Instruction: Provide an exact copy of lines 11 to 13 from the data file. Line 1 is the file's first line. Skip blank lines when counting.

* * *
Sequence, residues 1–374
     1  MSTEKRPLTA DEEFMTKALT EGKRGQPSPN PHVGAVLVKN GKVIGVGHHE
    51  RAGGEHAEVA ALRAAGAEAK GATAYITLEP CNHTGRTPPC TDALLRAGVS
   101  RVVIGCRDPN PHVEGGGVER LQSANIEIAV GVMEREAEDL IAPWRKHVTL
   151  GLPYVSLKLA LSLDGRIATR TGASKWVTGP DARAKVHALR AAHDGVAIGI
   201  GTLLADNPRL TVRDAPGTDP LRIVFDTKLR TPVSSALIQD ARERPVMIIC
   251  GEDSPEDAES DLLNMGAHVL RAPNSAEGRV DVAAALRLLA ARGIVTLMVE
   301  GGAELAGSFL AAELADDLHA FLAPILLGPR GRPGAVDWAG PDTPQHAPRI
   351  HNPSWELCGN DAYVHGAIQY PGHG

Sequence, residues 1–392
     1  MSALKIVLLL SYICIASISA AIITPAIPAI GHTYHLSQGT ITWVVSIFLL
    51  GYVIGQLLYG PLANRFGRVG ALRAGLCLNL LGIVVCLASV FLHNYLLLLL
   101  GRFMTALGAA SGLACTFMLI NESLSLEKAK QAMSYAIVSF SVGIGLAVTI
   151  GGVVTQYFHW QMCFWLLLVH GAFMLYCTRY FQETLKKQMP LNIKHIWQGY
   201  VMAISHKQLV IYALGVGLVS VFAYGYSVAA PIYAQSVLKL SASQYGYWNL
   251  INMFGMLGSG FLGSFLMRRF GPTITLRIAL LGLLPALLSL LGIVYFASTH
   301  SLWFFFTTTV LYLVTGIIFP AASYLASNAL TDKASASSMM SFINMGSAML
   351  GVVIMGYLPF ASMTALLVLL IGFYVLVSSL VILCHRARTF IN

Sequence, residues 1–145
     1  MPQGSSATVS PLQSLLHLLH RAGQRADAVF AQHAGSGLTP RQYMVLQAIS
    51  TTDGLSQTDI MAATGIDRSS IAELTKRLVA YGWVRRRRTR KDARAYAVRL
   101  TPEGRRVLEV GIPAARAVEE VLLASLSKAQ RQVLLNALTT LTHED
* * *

     1  MSALKIVLLL SYICIASISA AIITPAIPAI GHTYHLSQGT ITWVVSIFLL
    51  GYVIGQLLYG PLANRFGRVG ALRAGLCLNL LGIVVCLASV FLHNYLLLLL
   101  GRFMTALGAA SGLACTFMLI NESLSLEKAK QAMSYAIVSF SVGIGLAVTI